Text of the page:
Mekong dams causing problems for Vietnamese farmers in delta
July 15, 2014 00:00 By Supalak Ganjanakhundee The Na
Fish migration and sediment flow hit; threat from more seawater intrusion
Vo Van Co, a 49-year-old farmer at Vuon Man Ba Ho orchard in the Mekong Delta province of Can Tho, feels the environment has changed, as rain and water levels have fluctuated in recent years and affected his work – but he doesn’t know why.
“Too much rain and water is not good for fruit gardens but flood and erosion are worse for us, as we plant on the bank of the river,” Co said.
He does not own the 1.7-hectare orchard but is an employee who earns his living from the garden. The yield from the fruit affects his life and family, he said.
Changes in the Mekong River and the delta over recent years are not illusions – concerns have been raised by local people and officials in Vietnam.
Local ecologist Nguyen Huu Thien said the delta now faces three major threats: climate change, “errors” in domestic development and projects upstream on the Mekong River.
The impacts of climate change were real and people had felt them, he said, noting that rising temperatures and an increase in the sea level had happened, along with less predictable rainfall and stronger storms.
“Mistakes” from development have occurred in all countries around the world, including the Mekong Delta in the far south of Vietnam. Development activity aimed at boosting economic growth has polluted the environment and damaged the ecological system.
The impact from climate change had been gradual and people have adapted.
The government could also correct mistaken development by changing its policies, he said. But, the sudden impact from projects upstream, notably hydropower dams was the biggest concern for people in downstream on the river, Thien said.
“Our concern is that, once dams are built, the impact will be permanent and irreparable,” he said.
Countries upstream on the Mekong are building and planning to build a number of hydropower projects that will block the river. China has built five dams in the northernmost section and plans to build three more on the river’s mainstream.
More dams in Laos
Laos is building one in Xayaburi, south of Luang Prabang, and plans another at Don Sahong in Siphandon, near Cambodia.
Huge structures blocking the flow of a river like the Mekong is a real problem for many downstream whose livelihood depends on the river. Thien said dams alter the flow of sediment and fish migration.
Sediment is important for the formation process.
The Mekong Delta would never have formed without sediment deposits from upstream tens of thousands years ago, he said. Sediment also brings nutrients to feed animals and fertilise plants in the delta. It is important for agriculture, aquaculture, the ecosystem and marine life, he said.
Less sediment would cause a “hungry water” phenomenon, he said, eroding banks and the river base.
Building more dams upstream would also affect the delta’s hydrology, and water means everything for people in the area.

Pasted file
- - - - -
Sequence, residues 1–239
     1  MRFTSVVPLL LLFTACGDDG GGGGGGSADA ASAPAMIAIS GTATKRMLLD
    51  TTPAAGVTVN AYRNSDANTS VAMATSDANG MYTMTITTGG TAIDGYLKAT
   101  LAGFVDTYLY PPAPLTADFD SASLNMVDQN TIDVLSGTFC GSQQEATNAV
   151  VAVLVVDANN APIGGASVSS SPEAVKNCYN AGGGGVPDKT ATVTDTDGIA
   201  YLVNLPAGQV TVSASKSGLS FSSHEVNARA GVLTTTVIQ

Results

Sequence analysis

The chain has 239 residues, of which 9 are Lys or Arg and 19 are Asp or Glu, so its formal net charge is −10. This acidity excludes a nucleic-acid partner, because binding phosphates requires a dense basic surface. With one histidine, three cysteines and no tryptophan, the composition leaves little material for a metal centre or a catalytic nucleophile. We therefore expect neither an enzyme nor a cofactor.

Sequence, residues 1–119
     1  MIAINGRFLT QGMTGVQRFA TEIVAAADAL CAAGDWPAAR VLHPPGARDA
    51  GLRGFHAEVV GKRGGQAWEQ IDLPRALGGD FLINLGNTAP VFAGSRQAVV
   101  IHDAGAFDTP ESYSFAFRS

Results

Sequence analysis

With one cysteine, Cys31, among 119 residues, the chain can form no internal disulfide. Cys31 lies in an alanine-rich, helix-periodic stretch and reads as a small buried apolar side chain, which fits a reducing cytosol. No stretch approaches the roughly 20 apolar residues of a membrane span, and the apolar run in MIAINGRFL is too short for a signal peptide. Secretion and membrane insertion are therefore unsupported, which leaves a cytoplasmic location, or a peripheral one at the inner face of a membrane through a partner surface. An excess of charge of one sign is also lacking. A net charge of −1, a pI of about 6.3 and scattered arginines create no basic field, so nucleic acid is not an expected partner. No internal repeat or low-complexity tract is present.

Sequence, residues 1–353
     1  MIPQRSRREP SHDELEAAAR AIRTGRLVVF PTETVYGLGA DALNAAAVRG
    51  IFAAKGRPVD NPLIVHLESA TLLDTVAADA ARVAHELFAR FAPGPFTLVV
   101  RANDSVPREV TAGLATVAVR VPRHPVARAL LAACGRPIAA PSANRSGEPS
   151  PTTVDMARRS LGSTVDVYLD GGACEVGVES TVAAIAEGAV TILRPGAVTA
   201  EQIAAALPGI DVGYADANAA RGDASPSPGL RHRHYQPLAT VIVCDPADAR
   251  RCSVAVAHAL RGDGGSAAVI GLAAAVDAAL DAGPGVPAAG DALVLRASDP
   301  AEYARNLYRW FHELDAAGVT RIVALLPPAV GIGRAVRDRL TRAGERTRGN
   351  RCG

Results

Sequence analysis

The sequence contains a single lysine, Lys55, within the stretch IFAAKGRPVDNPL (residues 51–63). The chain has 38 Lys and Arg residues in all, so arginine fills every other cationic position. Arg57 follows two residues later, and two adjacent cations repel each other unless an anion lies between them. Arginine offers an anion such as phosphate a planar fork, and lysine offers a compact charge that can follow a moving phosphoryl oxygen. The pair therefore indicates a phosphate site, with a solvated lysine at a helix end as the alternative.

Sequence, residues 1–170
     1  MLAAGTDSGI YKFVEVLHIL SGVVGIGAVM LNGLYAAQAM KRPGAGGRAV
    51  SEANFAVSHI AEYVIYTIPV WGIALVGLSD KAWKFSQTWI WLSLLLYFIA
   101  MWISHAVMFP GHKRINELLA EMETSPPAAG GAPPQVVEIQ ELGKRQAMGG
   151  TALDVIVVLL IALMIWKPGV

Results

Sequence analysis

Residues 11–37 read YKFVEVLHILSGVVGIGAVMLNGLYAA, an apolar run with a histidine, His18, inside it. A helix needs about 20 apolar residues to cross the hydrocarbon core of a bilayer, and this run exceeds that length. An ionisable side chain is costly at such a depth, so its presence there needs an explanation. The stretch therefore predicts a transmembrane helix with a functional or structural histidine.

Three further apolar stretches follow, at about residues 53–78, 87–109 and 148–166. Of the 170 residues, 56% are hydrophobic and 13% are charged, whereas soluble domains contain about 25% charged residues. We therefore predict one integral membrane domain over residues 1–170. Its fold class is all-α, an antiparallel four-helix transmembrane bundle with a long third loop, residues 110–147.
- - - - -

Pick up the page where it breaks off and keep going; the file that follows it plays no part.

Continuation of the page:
“We are near the sea, so businesses depend on freshwater and seawater; and at the boundary of salinity coming into the delta is a battle between freshwater and the sea,” he explained.
If the freshwater current is weakened, seawater would intrude further.
Operating dams upstream affects the flow of freshwater into the delta. “That means it will be very difficult to predict where the boundary of salinity will be,” Thien said.
This was making things very difficult for people in the delta, he said, who have to adjust their livelihoods to adapt to rapid changes.
Another problem, which has been widely noted, is fish migration, as the dams create barriers that prevent them going up and down the river.
There are two major kinds of fish in the delta: black and white. The white fish needs to migrate annually to breed.
“Fish is an important source of protein for us, such that it is not replaceable,” he said.
A survey by An Giang University recently found that freshwater fish consumption by people in An Giang province, in the delta, was 35 kilograms per capita.
Some people say aquaculture could replace this natural source of protein for people, but Thien disagreed, saying that aquaculture fish depend on wild captured fish for feed, and aquaculture fish also depend on “trash” fish from marine catches “and thus goes back to the problem of nutrient supply”.
“Everything is interconnected,” the ecologist said.
The Vietnamese government is preparing a Mekong Delta Plan with a vision for the year 2100, with help from officials from the Netherlands.
But with potential impacts from upstream development still not clear, no immediate measures have been proposed yet on how people in the delta should adapt, he said.
Le Duc Trung, director-general of Vietnam’s National Mekong Committee, said the impact from upstream dams had already been felt in the delta after five dams in China – on water levels, sediment loss and erosion now occurring.
Vietnam may have some plans to handle the situation but as 90 per cent of water flow to the delta comes from upstream countries, a more effective way to manage the problem is to get cooperation from them, Trung said.
_ This is the first of a two-part report on changes in the Mekong Delta in southern Vietnam, where people face threats from climate change, development “mistakes” and dams built upstream on the Mekong River.